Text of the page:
Considering the minimum common multiple of N and B: mcm, it is the worse case for the given N and B. (You will find no N+B where the optimal cut is worse than its MCM)
e.g. B=5, N=6 -> mcm = 30
The value of mcm can be factorized into prime numbers (factors). Each of the mcm little chunks could be grouped using those values and minimize the number of cuts.
Each factor can be used or not depending of your custom rules, in this case, allowing only chunks of equal size for all N persons.
Example of algorithm:
remainingB = B
foreach (f in factors)
while ( acceptChunkGrouping( f ) ) // yes, can be flattened easily.
distributeToEachPerson( f*B/mcm )
remainingB -= N * (f*B/mcm )
Following your example of B=5, N=6, mcm=30: factorization of 30 is:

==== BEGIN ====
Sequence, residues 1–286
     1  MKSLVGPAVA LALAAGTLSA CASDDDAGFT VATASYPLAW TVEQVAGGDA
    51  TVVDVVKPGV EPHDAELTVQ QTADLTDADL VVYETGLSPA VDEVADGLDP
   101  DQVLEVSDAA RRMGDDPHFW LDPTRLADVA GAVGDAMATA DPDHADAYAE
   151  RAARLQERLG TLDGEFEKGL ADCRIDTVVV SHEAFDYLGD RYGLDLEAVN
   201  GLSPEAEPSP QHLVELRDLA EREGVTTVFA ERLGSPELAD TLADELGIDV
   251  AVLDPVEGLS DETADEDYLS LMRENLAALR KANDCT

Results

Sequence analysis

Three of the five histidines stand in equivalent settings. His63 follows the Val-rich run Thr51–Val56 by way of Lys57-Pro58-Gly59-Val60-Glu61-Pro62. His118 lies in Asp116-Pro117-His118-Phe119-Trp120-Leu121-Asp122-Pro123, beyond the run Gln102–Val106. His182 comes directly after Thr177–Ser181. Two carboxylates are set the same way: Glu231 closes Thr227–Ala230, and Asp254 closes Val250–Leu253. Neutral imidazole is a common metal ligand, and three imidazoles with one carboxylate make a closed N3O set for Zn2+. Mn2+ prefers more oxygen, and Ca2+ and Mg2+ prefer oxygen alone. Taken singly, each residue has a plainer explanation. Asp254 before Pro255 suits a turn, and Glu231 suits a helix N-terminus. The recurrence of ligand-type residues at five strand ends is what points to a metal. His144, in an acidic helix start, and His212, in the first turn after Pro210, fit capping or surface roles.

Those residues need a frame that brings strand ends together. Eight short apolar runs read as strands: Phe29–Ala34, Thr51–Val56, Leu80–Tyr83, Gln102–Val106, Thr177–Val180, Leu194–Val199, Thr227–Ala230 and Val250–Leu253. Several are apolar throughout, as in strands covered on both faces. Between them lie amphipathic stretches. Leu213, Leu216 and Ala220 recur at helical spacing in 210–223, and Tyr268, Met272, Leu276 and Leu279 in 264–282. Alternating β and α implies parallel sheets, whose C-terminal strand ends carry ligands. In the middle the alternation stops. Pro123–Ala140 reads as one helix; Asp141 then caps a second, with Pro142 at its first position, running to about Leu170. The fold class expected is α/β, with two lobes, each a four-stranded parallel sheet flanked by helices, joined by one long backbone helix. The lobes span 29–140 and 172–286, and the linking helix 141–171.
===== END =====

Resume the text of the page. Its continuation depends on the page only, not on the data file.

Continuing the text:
(1), 2, 3, 5, 6:
- Chunks of 6*(1/6) -> rejected as there are no N x (1/6) chunks available.
- Chunks of 5*(1/6) -> rejected as there are no N x (5/6) chunks available.
- Chunks of 3*(1/6) -> Allowing N x (3/6) -> remaining 2 bars.
- Chunks of 2*(1/6) -> Allowing N x (2/6) -> remaining 0 bars.
- chunks of 1*(1/6) -> rejected as there are no N x (1/6) chunks available.
To force each person having chunks of the same size, the test could be:
var chunksPerBar = floor(1 / (factor*B/mcm))
if (chunksPerBar*remainingB >= N) then acceptTheFactor
An other example:
- B=26, N=4;
- mcm = 52;
- factors: 13, 2, (2), 1
- 13 is rejected.
- 2 is accepted, giving 6 full bars to each N persons.
- 1 is accepted, giving 0.5 bars to each N persons.
- Each person get 6 full bars + 1/2 bar.